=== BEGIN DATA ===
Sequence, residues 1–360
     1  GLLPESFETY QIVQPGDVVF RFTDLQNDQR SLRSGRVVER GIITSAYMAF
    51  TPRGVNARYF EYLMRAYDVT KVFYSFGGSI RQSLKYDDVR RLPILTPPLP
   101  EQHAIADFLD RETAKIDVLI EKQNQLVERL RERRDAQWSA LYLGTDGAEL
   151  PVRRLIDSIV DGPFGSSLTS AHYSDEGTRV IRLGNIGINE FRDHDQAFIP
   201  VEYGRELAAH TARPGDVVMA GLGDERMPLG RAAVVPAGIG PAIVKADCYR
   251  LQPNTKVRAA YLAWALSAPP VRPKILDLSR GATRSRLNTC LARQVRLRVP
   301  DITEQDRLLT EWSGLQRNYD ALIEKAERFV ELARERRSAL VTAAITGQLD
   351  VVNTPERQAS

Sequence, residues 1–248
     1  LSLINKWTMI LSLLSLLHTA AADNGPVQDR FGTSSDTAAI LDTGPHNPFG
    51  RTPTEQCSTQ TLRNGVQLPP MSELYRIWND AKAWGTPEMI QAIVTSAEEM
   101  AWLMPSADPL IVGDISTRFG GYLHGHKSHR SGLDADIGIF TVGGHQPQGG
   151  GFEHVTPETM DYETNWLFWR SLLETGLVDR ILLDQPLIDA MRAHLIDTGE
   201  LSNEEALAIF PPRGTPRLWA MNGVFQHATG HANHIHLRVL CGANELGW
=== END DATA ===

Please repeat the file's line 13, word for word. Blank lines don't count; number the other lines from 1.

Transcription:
   101  AWLMPSADPL IVGDISTRFG GYLHGHKSHR SGLDADIGIF TVGGHQPQGG